review

Share Your ‘Storefront’ Reviews!

SFF on whiteThe inaugural Storefront Festival, conceived and presented by Theatre Kingston as part of The Kick and Push Festival, kicks off on Friday, July 15th!

I recognize that this site has been dormant for sometime – but my desire to engage and promote dialogue in response to innovative theatre offerings remains the same.  I can think of no more suitable opportunity to reboot this project than a Festival such as this. Brett Christopher’s vision out of the gate was encapsulated in the tagline “Uncurated, Uncensored, Unboring”, and I have to admit, it piqued my interest!

Here’s what I would love to see happen…

1/ Go to a show.  Go to MANY shows.  Support these ambitious artists, who are pushing the envelope and testing the limits of their talent as well as the parameters of the traditional theatre experience.  Be a part of the audience with whom they so desperately want to connect.

2/ Come back here and post a mini-review of whatever you see, by way of a comment.  I think it’s safe to say that these eager artists are looking for your feedback – both positive reinforcement and constructive criticism.  Keep in mind that the purpose of this site is to help foster our local theatre community, and everyone’s Festival experience only stands to be enhanced.

3/ Keep the conversation going.  Personal commentary and multiple perspectives serve to enrich live theatre, so feel free to reply respectfully to reviews posted by others.  Do not passively watch these cutting edge productions.  Digest and discuss them.  Be a Storefront Festival participant.

And finally, don’t limit the discussion to this site – take the conversation to your favourite pub or restaurant after each show, and share your thoughts across social media platforms.  Trust me.  The larger and more lively the conversation, the greater the Storefront Festival experience will be for everyone…

I look forward to reading YOUR reviews of the shows that you get to see over the next 9 days!

Find the Storefront Festival brochure here

A Beautiful Play

Amy Rutherford & Becky Johnson, “A Beautiful View”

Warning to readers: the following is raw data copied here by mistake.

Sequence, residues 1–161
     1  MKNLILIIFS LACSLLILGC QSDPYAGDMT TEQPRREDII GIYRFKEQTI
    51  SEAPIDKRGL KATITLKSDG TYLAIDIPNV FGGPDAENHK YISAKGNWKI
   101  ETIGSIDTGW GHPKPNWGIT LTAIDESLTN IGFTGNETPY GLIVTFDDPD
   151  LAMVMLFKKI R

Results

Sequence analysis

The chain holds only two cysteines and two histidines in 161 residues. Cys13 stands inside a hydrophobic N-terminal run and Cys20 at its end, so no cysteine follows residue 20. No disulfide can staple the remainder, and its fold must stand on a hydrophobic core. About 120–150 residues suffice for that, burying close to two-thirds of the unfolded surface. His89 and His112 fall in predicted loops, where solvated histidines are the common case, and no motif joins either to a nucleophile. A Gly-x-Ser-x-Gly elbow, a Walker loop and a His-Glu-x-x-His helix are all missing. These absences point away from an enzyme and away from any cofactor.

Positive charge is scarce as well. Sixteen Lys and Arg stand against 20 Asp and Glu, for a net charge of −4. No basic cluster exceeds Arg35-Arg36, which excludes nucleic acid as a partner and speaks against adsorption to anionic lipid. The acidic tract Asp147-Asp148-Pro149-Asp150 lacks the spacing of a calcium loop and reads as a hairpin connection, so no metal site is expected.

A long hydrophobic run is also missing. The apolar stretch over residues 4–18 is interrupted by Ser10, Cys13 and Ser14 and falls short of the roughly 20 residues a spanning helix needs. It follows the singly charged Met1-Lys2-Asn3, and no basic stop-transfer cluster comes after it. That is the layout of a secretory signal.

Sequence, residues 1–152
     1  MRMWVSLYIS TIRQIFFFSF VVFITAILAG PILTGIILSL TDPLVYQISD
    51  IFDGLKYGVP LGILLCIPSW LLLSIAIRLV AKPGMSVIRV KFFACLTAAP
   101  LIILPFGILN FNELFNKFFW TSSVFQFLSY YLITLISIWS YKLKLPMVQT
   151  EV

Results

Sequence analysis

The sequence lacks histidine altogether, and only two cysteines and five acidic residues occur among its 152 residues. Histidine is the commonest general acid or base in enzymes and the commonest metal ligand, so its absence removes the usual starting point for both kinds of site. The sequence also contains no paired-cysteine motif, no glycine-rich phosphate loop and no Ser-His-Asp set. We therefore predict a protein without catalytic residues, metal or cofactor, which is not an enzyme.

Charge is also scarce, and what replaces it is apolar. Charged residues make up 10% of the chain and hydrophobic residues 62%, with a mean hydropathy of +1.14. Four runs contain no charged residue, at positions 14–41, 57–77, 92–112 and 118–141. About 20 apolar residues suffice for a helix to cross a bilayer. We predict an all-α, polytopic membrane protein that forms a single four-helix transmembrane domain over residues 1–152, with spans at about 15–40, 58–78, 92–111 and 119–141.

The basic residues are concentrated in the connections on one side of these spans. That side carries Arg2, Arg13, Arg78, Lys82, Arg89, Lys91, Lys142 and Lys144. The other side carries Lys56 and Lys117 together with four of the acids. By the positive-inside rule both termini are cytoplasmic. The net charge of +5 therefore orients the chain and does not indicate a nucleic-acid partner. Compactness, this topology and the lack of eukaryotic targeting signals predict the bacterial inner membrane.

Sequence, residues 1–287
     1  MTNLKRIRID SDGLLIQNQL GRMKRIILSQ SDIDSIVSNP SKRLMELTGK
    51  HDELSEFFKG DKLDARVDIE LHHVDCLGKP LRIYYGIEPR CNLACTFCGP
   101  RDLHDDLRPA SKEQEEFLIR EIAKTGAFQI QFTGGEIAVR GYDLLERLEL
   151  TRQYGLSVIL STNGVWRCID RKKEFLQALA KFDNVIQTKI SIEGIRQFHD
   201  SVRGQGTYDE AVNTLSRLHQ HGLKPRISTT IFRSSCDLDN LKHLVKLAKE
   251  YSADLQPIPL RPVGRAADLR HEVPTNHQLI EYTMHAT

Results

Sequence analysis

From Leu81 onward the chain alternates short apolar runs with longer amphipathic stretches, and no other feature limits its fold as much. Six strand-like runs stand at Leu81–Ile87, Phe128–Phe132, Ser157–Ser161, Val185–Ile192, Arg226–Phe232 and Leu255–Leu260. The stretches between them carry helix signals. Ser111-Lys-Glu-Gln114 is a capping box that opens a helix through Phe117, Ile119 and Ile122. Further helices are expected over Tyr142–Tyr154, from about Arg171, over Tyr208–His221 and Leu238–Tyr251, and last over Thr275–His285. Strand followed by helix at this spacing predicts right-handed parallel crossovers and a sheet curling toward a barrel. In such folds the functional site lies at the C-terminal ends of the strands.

It is through the partnership of Theatre Kingston and Volcano Theatre that “A Beautiful View“, Daniel MacIvor’s play about another partnership, is currently playing in the Baby Grand Studio.  Two women appear on stage and tell the story of their relationship.  Sound simple?  Of course it does.  But of course it’s not.

As is typical of MacIvor’s work, “A Beautiful View” is far from a neatly packaged, linear and straightforward night at the theatre.  In this case, though, such is entirely suitable because the same can be said of the nature of self-identity, friendship, and love as explored in the piece.  Just like any meaningful relationship, the play demands a level of commitment – a combination of effort and perseverance to see it through to its end. (more…)

Dine & Dash

Sara Chiodo, Matthew Hunt, & Brent Clifford Gorrie in "Don't Dress For Dinner"

Sara Chiodo, Matthew Hunt and Brent Clifford Gorrie in Blue Canoe’s “Don’t Dress For Dinner”

With his script “Don’t Dress For Dinner“, playwright Marc Camoletti serves up just the right combination of credible misunderstanding and madcap mayhem, such that his cast of characters never know what the heck is happening around them – yet the audience can enjoy the pleasure and laughter reserved for those who are in on the joke.  The current Blue Canoe production playing at the Domino Theatre, however, loses something in its presentation. (more…)

Mr. Green Is Worth A Visit

"Visiting Mr. Green" at the Domino Theatre, Jan 9 - 25, 2014

“Visiting Mr. Green” at the Domino Theatre, Jan 9 – 25, 2014

Visiting Mr. Green, currently playing at the Domino Theatre, is a solid play that is both topical and poignant, yet quite accessible in its touches of comedy and familiarity.  Written by Jeff Baron in 1996, one can readily see its attraction as a play so widely translated and produced around the world.  It is sophisticated in its subject matter and themes, yet pleasantly simple in its execution on the stage.  Whether it is a play you are familiar with or not, it is most definitely a highlight of this season’s playbill at Domino.

Ross is a young executive working his way up the corporate ladder, who is sentenced to community service hours to be spent with Mr. Green after he almost hits the elderly widower with his car.  Both characters are written with a great deal of personality, clever and meaningful dialogue, and rich subtext.  Each has his own colorful history, unique perspective, and significant internal struggles. (more…)